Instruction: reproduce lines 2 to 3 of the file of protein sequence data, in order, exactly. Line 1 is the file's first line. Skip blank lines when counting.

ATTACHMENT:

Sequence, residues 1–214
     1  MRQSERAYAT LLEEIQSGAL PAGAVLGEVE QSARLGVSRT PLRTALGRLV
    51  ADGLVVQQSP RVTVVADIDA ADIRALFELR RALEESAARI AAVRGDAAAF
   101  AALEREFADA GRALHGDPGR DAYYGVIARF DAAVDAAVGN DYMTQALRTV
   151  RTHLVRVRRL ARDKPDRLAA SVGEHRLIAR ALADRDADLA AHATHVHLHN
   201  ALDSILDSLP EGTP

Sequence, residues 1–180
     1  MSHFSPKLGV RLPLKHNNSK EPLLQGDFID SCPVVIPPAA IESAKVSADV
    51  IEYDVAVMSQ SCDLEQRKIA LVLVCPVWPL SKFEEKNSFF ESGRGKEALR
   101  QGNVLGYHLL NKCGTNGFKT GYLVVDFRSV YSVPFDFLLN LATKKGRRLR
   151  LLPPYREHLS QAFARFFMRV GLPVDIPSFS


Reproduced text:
     1  MRQSERAYAT LLEEIQSGAL PAGAVLGEVE QSARLGVSRT PLRTALGRLV
    51  ADGLVVQQSP RVTVVADIDA ADIRALFELR RALEESAARI AAVRGDAAAF